Former goalkeeper Libby will be an honorary coach for Special Olympics Canada

Former goalkeeper Libby will be an honorary coach for Special Olympics Canada

Amy Nelson and Christy Alford say they are excited to make new friends when they represent Canada at next year’s Olympic Games in Berlin.

One of those new friends will be Stephanie Libby, who won an Olympic gold medal as the goalkeeper for the Canadian women’s national soccer team.

Libby, now the general manager of the Vancouver Whitecaps women’s team, was named an honorary coach for Special Olympics Canada on Thursday and will help coach and prepare athletes from 10 different sports for the Games. Because Alford and Nelson are members of Canada’s first women’s soccer team to compete at the Special Olympics World Games, they are both looking forward to seeing Libby.

“I think it’s amazing, meeting her and especially since she won with Team Canada,” said Nelson, a forward from British Columbia who hopes to learn from Libby. . “Some of my goals are to at least try and score a goal in football. Pass more, be more aggressive.”

Like Nelson, Alford is eager to be coached by Libby.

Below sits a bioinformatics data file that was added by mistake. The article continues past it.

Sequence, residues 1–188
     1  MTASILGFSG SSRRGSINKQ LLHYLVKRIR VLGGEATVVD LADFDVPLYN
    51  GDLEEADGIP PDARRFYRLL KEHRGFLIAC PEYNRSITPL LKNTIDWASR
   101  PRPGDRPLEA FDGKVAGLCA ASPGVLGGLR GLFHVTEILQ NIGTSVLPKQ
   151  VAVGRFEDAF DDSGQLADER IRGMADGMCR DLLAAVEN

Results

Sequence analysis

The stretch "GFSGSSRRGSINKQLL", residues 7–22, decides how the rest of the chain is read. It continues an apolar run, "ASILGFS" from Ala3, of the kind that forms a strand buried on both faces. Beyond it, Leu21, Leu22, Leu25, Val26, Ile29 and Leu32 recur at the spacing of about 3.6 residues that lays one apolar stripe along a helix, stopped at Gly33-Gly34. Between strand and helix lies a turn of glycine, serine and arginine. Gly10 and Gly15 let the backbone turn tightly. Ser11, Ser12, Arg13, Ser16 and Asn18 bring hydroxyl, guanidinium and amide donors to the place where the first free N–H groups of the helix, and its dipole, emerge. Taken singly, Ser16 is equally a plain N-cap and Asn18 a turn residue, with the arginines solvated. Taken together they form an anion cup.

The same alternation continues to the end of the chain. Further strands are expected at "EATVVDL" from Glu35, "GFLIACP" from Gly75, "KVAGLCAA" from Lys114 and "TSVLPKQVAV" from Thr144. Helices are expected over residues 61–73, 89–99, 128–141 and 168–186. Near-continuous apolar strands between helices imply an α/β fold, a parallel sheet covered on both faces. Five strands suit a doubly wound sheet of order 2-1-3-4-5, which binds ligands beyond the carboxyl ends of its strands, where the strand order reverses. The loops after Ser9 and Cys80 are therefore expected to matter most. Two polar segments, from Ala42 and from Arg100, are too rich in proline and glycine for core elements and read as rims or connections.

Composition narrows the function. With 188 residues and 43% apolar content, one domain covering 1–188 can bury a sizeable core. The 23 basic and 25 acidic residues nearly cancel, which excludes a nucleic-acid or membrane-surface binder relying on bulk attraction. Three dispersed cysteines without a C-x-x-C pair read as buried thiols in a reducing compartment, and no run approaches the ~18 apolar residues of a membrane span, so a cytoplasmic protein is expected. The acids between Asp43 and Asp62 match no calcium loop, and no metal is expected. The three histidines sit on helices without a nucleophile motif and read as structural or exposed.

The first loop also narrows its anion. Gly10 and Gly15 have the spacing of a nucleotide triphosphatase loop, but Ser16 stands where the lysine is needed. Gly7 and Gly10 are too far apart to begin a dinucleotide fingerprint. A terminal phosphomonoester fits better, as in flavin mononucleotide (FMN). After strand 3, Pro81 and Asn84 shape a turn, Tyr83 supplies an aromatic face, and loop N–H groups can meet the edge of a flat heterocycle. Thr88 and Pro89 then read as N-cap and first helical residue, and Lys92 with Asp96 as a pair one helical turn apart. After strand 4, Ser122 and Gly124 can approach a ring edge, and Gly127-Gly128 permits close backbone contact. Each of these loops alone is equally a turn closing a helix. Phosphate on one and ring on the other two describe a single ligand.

The Ontario-based striker competed in the sport at the 2019 Special Olympics World Summer Games in Dubai and he feels that competing as part of the team will be a great new experience.

“I used to just compete by myself so now it’s really exciting to be on a team instead,” said Nelson, who said she enjoyed seeing all of her teammates at Zoom earlier this month. “I’m excited to try and win gold and be with everyone.”

Libby said she participated in Special Olympics Canada because she has a cousin who has an intellectual disability. She praised Alford and Nelson’s mindset for accommodating friendships and the experience of meeting new people before winning.

“That’s why I got into sports,” Libby said. “The way I first started doing all the different sports was the social aspect. I wanted to be around my friends, I wanted to meet new people.

“I enjoyed the support and camaraderie you have on the team, so I completely understand and I agree with that.”

The team’s head coach, Amanda Trichardt, said it was “amazing” to see women and girls achieve such a high platform at the Olympic Games.

“I’ve been coaching for a while now and I had a women’s team here in Alberta,” she said. “I’m always like, ‘Oh, I wish girls had a platform to perform.’

“So when it came up, I was just like, ‘Finally, this is great,’ because that’s what girls really need to show what they can do.”

In addition to the soccer team, Canada will also send a women’s basketball team to the Special Olympics World Games for the first time. Libby is eager to share her experiences as a two-time Olympic medalist who has earned 86 caps with Canada’s senior team in her career.

“I think what’s really exciting for me is that I can bring my experience playing soccer on the international stage and bring my experience and my joy to these athletes,” Libby said. to share.” “I’m really excited to cheer them on, to be their biggest supporter in Berlin and help them succeed in whatever way that looks like.”

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